Friday August 19, 2005
Not sure there’s much to say about today. Externally, there’s been good news, bad news, and sad news, too. Inside the little old house by the fens it’s been quiet, devoted to gentle industry of the computer programming kind.
I tend to work in bursts, broken by necessity. I find it best to work for a while, break to do some domestic chore or other, and then return to my desk armed with a fresh mug of coffee for another session. That way the chores get done without becoming a burden, and I don’t sit long enough for my spine and legs to complain.
I finished my computer program, and I’m grateful for the two or three days it’s given me of heads-down concentration, concentration of the pleasant kind. As to the result, well, it’s very nice, but I can live without it. I doubt I’ll use it, in fact I’m rather more inclined to junk it as a piece of unnecessary mental clutter.
In the old days I used to counsel against unnecessary computing, saying that each new line of code is a future maintenance burden. “If you really need it, make sure it’s good plain, simple code, lessening that future burden,” I would say. Some people listened. Most did not. The way that bug-fixing and maintenance departments grow and grow in large software corporations is evidence that most did not, and still do not.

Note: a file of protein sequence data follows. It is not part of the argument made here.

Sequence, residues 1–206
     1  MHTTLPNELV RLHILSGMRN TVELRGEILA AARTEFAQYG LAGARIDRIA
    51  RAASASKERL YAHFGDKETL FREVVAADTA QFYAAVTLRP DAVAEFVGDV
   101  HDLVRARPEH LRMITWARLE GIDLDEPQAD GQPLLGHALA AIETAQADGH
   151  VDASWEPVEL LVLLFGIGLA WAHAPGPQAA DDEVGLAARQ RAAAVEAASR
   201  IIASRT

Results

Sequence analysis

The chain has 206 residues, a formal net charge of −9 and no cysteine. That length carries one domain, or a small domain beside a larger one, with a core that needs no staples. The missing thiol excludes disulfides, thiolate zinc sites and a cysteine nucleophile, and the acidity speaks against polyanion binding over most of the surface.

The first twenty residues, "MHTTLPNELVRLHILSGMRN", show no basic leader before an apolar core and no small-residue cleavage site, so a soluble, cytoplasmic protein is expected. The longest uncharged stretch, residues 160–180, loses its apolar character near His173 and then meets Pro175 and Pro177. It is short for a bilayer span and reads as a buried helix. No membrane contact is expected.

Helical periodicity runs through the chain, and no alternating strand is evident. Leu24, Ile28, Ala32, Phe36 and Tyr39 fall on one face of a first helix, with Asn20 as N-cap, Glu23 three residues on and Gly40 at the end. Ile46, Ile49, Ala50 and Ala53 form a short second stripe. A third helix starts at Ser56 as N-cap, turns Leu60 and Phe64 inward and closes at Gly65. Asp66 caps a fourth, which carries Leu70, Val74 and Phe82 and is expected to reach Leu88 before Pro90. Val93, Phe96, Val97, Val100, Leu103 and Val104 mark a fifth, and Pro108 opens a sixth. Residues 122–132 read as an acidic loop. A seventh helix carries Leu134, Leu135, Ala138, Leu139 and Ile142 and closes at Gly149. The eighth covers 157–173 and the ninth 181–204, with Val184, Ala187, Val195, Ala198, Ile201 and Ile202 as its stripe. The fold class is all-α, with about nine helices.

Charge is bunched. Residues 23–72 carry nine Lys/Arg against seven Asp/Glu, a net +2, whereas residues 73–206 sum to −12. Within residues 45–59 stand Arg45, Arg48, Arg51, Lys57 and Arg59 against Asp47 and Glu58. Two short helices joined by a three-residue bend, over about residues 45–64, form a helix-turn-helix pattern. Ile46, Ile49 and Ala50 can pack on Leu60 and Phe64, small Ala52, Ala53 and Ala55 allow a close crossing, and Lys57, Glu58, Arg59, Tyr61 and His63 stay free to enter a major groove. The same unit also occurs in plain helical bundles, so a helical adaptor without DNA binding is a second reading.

The lesson of Thoreau’s stones stays mostly unlearnt.
I have the luxury now of being able to spend a few days doing something pleasant and then junking the result, taking my joy from the doing rather than from the product. On programming, it’s good to know I can still do it. On programs, well, I can take them or leave them and, mostly, I choose the latter.
It’s been a cool day, with the air washed clean and soft by frequent rain showers. When I woke I went round the house turning off the fans I’ve had running at low speed to maintain an illusion of air movement while it’s been hot. I find it easier to breath in hot weather when there’s some movement of air about me. Oh, but the blessed silence when the fans stop! Dolly, though she appreciates the cooling effect of the fans, looked at me with something perilously close to appreciation when I turned them off. She enjoys the silence at least as much as do I.
I should have gone out to Spilsby to pick up a new supply of green waste bags and to collect my new nitro spray bottle. Just didn’t seem the right kind of day for it, somehow. I was enjoying my period of quiet industry too much to want to break into it before it was done. I’ll go on Monday afternoon.
This evening, standing in the living-room window, looking out at the rain and watching the grass grow, a quiet feeling of calm came over me. I’m living through a very happy period just now. Not terribly interesting, just quiet and calm.
The kind of calm when, if you stay still long enough, and stop thinking of your own busy little affairs, you can hear the earth and the sky speak slow and easy to one another. I don’t think our small concerns figure very large in their conversation.